Ecology Ottawa, which organizes the Great Glebe GREEN Garage Sale, is looking for volunteers. Here’s a message from Léna Ndoye at Ecology Ottawa:

(français suit)

The biggest garage sale in Ottawa is coming back to the Glebe! This year, we are continuing last year’s resounding tree giveaway success, which was the single largest one-day distribution of trees Ottawa has ever seen! The saplings will be available for free (or by donation), to be planted around the city and thus strengthen Ottawa’s urban tree canopy. To be able to make these saplings available to everyone during the garage sale, we need lots of volunteers!

SATURDAY, MAY 26, 2018, 8am-4pm – 640 Bank Street (at Clemow Avenue) – Boston Pizza parking lot

We are currently seeking:

  • Help the day before to set up tables and tents + organize material for the tree giveaway (Friday, May 25)
  • People with vehicles to help transport the trees, volunteer kits, and other items to the site (May 25 and 26)
  • Lots of help at the actual event : people to give away trees, to have a booth about it, to run the bakery sale, to paint kids’ faces, to take pictures and plenty of other help (Saturday, May 26)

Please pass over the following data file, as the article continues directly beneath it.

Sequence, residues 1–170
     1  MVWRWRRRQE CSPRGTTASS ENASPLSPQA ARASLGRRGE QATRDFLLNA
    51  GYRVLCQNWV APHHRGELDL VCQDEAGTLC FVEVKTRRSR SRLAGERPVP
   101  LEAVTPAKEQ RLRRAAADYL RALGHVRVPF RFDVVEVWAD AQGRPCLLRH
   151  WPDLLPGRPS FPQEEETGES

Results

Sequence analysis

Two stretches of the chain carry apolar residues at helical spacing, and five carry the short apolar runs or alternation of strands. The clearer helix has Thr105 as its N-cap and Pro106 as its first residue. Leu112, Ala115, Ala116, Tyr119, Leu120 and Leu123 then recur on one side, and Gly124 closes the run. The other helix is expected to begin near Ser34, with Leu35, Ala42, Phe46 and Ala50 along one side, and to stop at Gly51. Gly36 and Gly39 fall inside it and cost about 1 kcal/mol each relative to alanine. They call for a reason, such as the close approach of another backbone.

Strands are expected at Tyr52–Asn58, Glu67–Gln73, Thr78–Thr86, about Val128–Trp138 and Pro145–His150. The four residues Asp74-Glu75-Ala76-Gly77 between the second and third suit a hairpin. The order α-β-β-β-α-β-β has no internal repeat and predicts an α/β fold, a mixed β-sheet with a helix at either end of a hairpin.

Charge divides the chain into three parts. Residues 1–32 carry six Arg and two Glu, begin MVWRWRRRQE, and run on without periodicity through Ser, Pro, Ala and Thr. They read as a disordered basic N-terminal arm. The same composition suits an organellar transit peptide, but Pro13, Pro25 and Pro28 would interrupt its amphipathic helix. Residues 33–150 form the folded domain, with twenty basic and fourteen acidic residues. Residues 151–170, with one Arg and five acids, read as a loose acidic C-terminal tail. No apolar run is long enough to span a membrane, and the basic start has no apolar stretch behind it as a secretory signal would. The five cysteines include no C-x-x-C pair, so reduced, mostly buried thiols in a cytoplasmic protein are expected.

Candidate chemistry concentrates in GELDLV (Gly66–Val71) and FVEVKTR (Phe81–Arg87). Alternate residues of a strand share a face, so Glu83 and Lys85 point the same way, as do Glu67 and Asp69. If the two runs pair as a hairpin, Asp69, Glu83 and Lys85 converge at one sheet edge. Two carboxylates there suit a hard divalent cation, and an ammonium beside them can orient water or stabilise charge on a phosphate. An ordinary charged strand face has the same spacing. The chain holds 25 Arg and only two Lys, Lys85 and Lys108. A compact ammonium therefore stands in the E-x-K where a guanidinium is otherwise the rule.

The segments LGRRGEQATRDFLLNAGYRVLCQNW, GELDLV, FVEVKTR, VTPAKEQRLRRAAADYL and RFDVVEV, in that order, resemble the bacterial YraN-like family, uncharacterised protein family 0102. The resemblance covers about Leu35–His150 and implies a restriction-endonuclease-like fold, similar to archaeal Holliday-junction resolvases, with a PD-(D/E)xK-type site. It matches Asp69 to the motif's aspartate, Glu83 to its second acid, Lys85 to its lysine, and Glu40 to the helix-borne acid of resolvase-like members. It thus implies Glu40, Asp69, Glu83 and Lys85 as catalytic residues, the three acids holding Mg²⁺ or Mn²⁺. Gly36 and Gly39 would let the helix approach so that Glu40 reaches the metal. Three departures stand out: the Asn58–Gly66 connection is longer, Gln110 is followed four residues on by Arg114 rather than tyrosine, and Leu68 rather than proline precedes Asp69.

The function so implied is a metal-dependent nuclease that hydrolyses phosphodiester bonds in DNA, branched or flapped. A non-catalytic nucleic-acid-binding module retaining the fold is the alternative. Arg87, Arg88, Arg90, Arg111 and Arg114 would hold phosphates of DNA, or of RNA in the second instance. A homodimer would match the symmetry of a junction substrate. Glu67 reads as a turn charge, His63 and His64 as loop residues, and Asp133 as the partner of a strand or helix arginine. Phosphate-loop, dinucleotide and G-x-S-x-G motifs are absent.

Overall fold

• People to clean up the space (May 26)

Get involved in one of the year’s most fun and exciting events. Learn more and sign-up to volunteer today at https://ecologyottawa.ca/events/annual-events/garage-sale/.

// Le plus grand vide-grenier d’Ottawa et son lot de joie et de bonne humeur reviennent dans le Glebe ! Écologie Ottawa sera là pour la plus grande distribution d’arbres jamais effectuée à Ottawa. Pour s’assurer que l’événement se déroule pour le mieux et afin de pouvoir distribuer tous ces jeunes arbres, nous avons besoin de nombreux bénévoles afin d’assurer différentes tâches.

SAMEDI 26 mai 2018, de 8h à 16h – 640 Bank Street – le parking Boston Pizza

Nous sommes actuellement à la recherche :

  • Des personnes avec une auto pour pouvoir amener sur place les arbres et et le reste du matériel (25 et 26 mai)
  • Des personnes pour nous aider la veille à installer les tables et tentes (vendredi 25 mai)
  • De beaucoup d’aide le jour de l’événement : des gens pour distribuer des arbres, pour tenir un stand à ce propos, pour gérer la vente de pâtisseries, pour peindre le visage des enfants, pour prendre des photos et plein d’autres choses (samedi 26 mai)
  • Des gens pour nettoyer l’endroit (26 mai)